A Progression of Judges tells the story of the Supreme Court of British Columbia, focusing on its often colourful and sometimes controversial judges. At the same time it chronicles the metamorphosis of the two young colonies--the Colony of Vancouver Island and the Colony of British Columbia--from a rough frontier to a sophisticated province as reflected in the maturing of the judicial system and growth of the legal profession.
By tracing the history of the court through the lives of its judges and certain major cases in which they were involved, David R. Verchere shows how the court was shaped by those who served on it to become the vibrant, social institution it is today.
As chief justices followed one another and the size of the court grew (it now has over thirty members), the kind of questions the court had to grapple with changed in nature from lengthy debates about its jurisdiction in divorce cases to labour disputes to a growing number of appeals from lower courts.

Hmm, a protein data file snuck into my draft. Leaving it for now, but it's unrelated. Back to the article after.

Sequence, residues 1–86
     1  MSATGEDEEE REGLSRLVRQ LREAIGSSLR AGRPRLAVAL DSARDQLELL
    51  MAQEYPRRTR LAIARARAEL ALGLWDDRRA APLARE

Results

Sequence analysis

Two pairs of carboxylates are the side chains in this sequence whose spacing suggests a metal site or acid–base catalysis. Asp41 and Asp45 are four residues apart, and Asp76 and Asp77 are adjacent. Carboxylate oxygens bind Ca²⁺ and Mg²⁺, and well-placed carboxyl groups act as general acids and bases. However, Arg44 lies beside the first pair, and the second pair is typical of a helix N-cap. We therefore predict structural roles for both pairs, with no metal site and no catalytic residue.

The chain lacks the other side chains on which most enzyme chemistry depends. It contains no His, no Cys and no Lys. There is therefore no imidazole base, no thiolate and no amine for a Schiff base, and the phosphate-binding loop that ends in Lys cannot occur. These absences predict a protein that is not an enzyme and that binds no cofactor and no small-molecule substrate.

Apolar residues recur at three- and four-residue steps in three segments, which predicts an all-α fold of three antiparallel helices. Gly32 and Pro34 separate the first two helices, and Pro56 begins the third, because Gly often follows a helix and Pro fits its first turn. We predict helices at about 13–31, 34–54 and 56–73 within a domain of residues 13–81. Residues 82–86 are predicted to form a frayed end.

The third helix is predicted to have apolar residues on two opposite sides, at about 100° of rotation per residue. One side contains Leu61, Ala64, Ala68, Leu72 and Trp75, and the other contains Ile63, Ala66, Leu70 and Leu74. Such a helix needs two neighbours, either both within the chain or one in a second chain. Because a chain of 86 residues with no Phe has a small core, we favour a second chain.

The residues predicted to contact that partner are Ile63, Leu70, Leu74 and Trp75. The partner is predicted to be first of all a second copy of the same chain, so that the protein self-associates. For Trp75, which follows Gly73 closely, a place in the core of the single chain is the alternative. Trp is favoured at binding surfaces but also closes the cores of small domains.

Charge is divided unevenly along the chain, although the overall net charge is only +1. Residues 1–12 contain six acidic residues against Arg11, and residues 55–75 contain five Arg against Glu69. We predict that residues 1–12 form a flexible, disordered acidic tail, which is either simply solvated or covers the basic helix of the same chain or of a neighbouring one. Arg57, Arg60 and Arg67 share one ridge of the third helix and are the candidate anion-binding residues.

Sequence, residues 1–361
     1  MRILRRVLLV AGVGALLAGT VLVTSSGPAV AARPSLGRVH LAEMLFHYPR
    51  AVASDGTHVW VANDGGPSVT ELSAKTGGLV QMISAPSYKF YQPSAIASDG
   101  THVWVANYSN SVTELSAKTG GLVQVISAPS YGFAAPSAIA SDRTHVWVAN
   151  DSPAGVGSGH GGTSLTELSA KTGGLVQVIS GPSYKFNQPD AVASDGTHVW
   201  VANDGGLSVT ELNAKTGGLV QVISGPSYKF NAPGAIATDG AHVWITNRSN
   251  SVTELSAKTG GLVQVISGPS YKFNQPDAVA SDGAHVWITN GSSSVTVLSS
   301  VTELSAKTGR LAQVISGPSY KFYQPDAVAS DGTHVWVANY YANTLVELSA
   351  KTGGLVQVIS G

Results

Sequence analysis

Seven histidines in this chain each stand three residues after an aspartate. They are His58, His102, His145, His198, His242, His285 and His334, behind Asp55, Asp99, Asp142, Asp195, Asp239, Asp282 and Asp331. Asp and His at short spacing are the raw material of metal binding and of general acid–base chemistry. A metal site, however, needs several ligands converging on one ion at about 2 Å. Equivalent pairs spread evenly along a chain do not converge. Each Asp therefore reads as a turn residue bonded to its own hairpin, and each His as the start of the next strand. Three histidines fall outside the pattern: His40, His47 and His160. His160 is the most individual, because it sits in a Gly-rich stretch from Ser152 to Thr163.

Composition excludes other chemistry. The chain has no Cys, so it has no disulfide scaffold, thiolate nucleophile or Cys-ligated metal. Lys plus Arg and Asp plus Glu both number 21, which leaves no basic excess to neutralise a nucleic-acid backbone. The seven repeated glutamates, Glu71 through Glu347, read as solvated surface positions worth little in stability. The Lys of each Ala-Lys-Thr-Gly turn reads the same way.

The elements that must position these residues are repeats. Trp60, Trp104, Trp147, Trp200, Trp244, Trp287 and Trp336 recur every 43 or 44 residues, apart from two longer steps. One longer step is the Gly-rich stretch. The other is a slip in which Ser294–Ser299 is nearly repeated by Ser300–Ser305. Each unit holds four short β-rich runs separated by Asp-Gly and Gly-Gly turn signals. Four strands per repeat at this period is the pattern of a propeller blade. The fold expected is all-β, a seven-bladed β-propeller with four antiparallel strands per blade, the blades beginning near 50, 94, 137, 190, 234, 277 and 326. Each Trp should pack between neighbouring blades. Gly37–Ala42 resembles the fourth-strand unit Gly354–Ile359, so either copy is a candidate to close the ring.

Backed by the Law Society and owing to the congested state of business in the Supreme Court--partly a result of Chief Justice Hunter's problem with alcohol and his epic battle with Mr. Justice Martin--the Court of Appeal Act 1907 was proclaimed in 1909, and the powers of the full court were transferred to this new court. No change was made to its name, but the Supreme Court of British Columbia ceased to be supreme. It nevertheless continued to play an important role in the province.
As a historical record of British Columbia's most important judicial institution, this book provides fascinating reading for anyone interested in the history of the province. For those in the legal profession it is a "must."
DAVID R. VERCHERE retired from the Supreme Court of British Columbia in 1981 after having served as a judge for close to 22 years.